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The Employee Ownership Update

Corey Rosen

August 27, 2001

(Corey Rosen)

Temporary AMT Relief Bills Introduced in Congress

Richard Neal (D-MA) and Zoe Lofgren (D-CA) in the House and Joseph Lieberman (D-CT) in the Senate have introduced parallel legislation that would curtail the tax on incentive stock options exercised in 2000 and subject to the Alternative Minimum Tax (AMT) in 2001. The legislation would limit AMT to the difference between the option exercise price and the share price on April 15, 2001, or, if the stock were sold before then, the amount realized on the sale. Thus, someone who exercised an option in 2000 at, for instance, $10 per share on shares worth $50, but then sold the shares (or held them on April 15th) when they were only worth $15, would only owe AMT on $5 per share, not $40 per share, as would be the case under current law. The bills are limited just to options exercised in 2000; sponsors of both bills have other legislation to exempt incentive options from the AMT on a permanent basis.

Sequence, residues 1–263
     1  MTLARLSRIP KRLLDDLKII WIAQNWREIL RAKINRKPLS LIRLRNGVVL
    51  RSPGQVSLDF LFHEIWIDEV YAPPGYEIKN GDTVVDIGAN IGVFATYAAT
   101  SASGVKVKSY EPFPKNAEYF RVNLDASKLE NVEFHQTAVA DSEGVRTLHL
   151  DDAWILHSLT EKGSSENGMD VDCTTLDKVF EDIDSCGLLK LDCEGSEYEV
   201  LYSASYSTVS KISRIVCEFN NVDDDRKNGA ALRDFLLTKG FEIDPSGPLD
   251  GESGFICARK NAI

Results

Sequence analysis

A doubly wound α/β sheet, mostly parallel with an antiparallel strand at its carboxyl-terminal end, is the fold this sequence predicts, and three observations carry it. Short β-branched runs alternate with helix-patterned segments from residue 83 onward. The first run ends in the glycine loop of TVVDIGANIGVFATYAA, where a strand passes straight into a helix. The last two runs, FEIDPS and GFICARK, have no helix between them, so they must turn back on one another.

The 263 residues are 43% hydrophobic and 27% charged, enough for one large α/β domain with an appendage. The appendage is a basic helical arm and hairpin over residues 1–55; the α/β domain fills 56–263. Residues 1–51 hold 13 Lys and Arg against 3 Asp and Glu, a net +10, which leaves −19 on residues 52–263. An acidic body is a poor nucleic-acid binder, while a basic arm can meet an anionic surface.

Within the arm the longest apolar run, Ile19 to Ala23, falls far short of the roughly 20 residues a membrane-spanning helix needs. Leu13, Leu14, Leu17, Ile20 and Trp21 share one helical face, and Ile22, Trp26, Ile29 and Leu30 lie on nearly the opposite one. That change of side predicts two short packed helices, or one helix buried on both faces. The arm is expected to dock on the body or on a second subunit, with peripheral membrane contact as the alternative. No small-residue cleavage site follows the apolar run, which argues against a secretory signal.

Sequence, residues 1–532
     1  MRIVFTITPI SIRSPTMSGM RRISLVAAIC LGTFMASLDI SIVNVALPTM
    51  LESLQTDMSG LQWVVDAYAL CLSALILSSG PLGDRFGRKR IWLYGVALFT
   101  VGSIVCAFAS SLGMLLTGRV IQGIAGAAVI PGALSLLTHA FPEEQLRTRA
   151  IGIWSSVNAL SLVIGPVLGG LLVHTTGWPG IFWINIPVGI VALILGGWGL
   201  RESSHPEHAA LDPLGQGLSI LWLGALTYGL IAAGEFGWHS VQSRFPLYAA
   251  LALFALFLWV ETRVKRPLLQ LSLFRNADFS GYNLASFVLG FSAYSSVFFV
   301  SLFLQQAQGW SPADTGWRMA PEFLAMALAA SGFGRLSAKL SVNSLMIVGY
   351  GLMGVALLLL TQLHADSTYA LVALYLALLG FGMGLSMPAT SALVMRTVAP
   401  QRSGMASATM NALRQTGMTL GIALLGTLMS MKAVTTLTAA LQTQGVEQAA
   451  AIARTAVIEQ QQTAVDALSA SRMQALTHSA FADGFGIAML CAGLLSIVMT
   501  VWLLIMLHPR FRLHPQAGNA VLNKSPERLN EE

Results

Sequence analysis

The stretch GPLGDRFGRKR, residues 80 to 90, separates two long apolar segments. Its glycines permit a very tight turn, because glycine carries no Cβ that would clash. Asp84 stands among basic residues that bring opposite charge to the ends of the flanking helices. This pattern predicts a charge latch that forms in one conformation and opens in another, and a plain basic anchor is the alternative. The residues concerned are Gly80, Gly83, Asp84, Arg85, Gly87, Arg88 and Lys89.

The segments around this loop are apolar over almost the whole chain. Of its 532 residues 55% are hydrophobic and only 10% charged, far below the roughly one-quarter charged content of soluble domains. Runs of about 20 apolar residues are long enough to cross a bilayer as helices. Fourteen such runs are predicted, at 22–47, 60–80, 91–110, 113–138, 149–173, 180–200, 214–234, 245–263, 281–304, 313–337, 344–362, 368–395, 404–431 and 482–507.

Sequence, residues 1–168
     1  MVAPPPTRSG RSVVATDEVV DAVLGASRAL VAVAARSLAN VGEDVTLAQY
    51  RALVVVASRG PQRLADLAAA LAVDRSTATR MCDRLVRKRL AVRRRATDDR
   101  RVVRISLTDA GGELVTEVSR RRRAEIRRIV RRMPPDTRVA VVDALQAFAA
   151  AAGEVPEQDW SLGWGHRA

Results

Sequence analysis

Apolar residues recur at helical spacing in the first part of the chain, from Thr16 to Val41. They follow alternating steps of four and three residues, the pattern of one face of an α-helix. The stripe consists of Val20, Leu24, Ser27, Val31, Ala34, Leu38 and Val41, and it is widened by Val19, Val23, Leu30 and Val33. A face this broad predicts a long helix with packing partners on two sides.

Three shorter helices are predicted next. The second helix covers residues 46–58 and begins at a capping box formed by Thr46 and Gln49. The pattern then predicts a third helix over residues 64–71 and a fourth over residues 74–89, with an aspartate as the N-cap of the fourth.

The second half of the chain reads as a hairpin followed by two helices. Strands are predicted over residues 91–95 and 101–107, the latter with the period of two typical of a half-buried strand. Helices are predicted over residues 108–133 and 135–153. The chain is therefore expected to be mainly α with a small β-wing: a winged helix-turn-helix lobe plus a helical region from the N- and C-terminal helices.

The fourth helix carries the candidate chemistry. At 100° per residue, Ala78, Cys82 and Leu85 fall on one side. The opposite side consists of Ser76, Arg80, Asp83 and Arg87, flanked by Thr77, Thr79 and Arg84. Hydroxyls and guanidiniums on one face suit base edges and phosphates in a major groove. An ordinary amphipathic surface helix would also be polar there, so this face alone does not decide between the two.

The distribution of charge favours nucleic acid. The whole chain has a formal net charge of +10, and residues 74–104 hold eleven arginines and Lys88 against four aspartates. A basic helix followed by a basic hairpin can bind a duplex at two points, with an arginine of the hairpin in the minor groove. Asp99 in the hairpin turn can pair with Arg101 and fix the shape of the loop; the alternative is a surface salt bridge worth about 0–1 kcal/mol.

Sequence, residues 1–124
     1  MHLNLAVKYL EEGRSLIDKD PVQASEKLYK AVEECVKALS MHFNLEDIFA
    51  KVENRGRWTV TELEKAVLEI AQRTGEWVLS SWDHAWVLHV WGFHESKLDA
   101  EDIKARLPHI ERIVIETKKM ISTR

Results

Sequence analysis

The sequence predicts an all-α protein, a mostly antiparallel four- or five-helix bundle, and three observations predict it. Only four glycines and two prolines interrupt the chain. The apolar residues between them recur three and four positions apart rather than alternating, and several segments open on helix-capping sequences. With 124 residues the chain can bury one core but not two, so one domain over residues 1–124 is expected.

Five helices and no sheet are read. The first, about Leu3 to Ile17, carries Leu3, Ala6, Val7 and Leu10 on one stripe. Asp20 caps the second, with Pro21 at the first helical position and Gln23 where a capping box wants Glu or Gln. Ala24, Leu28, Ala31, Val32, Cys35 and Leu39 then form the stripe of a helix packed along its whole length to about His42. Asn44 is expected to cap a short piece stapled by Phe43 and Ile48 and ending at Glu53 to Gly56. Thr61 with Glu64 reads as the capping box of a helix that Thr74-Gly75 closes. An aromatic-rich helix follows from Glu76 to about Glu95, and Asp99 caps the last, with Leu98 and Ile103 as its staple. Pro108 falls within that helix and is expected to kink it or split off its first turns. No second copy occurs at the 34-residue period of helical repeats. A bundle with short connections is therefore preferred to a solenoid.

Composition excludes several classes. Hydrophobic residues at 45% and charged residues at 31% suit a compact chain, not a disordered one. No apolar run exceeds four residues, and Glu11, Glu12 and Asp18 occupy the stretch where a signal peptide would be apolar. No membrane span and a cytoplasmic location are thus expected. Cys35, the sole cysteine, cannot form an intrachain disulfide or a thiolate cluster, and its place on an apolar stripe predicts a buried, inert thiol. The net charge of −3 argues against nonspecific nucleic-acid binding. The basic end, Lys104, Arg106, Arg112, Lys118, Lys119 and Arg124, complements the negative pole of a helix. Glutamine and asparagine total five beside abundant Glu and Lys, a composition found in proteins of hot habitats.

While the bills are attracting some support, they will have to compete in a crowded tax reform environment in a time of disappearing surpluses.

New Studies Show Positive Impact of Employee Ownership in Korea, China

Two new studies show that employee ownership seems to have a positive impact on corporate performance in both Korea and China. Employee ownership has gained important footholds in both countries, although in very different ways.

China

In China, employee ownership is being used primarily as a means to transform township and village enterprises (TVEs). In China, most companies are still owned either by the central government or the townships and villages, although more private enterprises are being started. These local governments can be very large, encompassing millions of people. The central government owns the country's very large and politically sensitive businesses, but most of the country's non-private enterprises are owned by local governments. In the last several years, thousands of these have been partially or wholly turned over to private hands. There are no reliable data on how often this has happened through employee ownership, but, at least in some regions, it is apparently very common.